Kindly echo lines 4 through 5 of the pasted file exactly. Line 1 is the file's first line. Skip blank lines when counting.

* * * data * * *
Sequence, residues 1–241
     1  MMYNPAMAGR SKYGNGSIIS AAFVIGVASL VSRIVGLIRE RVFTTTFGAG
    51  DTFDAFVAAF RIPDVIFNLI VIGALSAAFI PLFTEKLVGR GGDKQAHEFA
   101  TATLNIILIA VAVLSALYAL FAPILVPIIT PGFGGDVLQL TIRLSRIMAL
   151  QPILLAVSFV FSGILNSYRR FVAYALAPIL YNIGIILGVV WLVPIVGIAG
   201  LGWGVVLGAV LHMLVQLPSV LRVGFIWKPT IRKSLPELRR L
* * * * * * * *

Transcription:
   101  TATLNIILIA VAVLSALYAL FAPILVPIIT PGFGGDVLQL TIRLSRIMAL
   151  QPILLAVSFV FSGILNSYRR FVAYALAPIL YNIGIILGVV WLVPIVGIAG